When it comes to talking-animal films, I’d have to agree Walt Disney Animation Studios does it best. After all, they’ve been creating them for almost a century! Audience members are now invited into the massive mammal metropolis known as Zootopia. The main character, Judy Hopps, introduces us to the core of what Zootopia is all about from the very first scene of the movie. Whether they are the largest elephant or the smallest shrew, “in Zootopia, anyone can be anything.” Our family had the opportunity to enjoy an advance screening. We are grateful to have had the chance to experience this film up close and learn so much about the cast and the creative process that made it a reality.
On her way from her home in the Bunnyburrow countryside to Zootopia’s downtown hub of Savanna Central, Judy rides through very different districts that make up the expansive city. She gets a glimpse of ritzy Sahara Square (made up of sandy dunes and a nocturnal oasis), Tundratown (a snowy expanse that never thaws), Rain Forest District (a lush and humid tropical forest), and Little Rodentia (where everything is adorably miniature). This ride was one of my favorite landscape scenes of the movie and I couldn’t help but think that the city of Zootopia could be the perfect inspiration for a new experience at one of Disney’s parks someday (hint, hint!).
Even though the reputation of the city is of cooperation and inclusiveness among all mammals, the two main characters begin their relationship with preconceived ideas about one another. According to director Rich Moore, “At its core, ‘Zootopia’ is a buddy movie. Judy and Nick—a rabbit and a fox—are natural enemies by definition. So these characters don’t exactly get along at first. They come to the relationship with ideas about each other—beliefs that aren’t informed or accurate.”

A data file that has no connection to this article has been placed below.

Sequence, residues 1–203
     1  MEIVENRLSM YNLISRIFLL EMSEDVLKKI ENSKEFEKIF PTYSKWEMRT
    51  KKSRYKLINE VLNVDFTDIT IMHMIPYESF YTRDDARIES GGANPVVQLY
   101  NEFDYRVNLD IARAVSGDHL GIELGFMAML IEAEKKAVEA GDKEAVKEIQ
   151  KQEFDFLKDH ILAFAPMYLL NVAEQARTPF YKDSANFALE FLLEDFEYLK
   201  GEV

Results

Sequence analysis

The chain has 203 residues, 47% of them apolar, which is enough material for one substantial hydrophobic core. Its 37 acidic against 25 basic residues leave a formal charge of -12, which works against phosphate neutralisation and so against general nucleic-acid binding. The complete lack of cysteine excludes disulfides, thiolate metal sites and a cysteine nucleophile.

The characters are voiced by fabulous actors such as Idris Elba, Bonnie Hunt, Alan Tudyk, and Tommy Chong. Jenny Slate, Nate Torrence, Don Lake, J.K. Simmons, Octavia Spencer, Maurice LaMarche, Tiny Lister, Kristen Bell, and many others also lend their voices to this tale. Even singer Shakira makes several appearances (some of my favorite scenes were those of animals acting exactly like humans such as dancing and taking video on their cell phones at a pop concert!). The leading characters Judy Hopps and Nick Wilde are voiced by Ginnifer Goodwin and Jason Bateman, respectively.
As a kid my favorite pets were rabbits so it was exciting and endearing to watch a rabbit as the main character of this movie, including all of the foot stomping and nose twitching rabbit lovers know so well. According to animation supervisor Kira Lehtomaki, real-life rabbits gave them a lot to work with. “We looked for moments in Judy’s performances for her rabbitness to come out: her ears might tune in and turn toward a sound before she does, or her nose twitches when she’s on high alert.” Ginnifer Goodwin brings Judy’s enthusiasm and optimism to life throughout the film. “I was told that Judy’s a glass-half-full kind of bunny,” says Goodwin. “She’s a spark plug.”
Jason Bateman provides the voice of Nick Wilde, a charming and sly con-artist fox with a big mouth. According to co-head of animation Tony Smeed, “We use the curl of his tail to push the fox silhouette on Nick. But unlike a real fox, who’s timid and skittish, Nick is very casual and laid back.” He’s the bad boy you can’t help but like.
One of my favorite characters in the film didn’t get as much air time as the others but played a critical role. Mrs. Otterton, a mother of two and wife of the missing Mr. Otterton, is voiced by the marvelous Octavia Spencer.
In the end, Zootopia takes a step closer to the utopia Judy always expected it to be. “We talked to an incredible bias expert, Dr. Shatki Butler,” says producer Clark Spencer, “who said that it is hard to be biased against someone once you get to know him. That fundamental idea folded beautifully into our story of a bunny and a fox, natural enemies, both assuming something about each other, but learning their assumptions are completely wrong once they are forced to team up.”
Take a look at Judy’s (AKA Officer Hopps) first day on the job. I laughed hard at this scene and can’t wait to watch the entire movie again. If you’ve seen Zootopia, let us know your favorite scene or quote!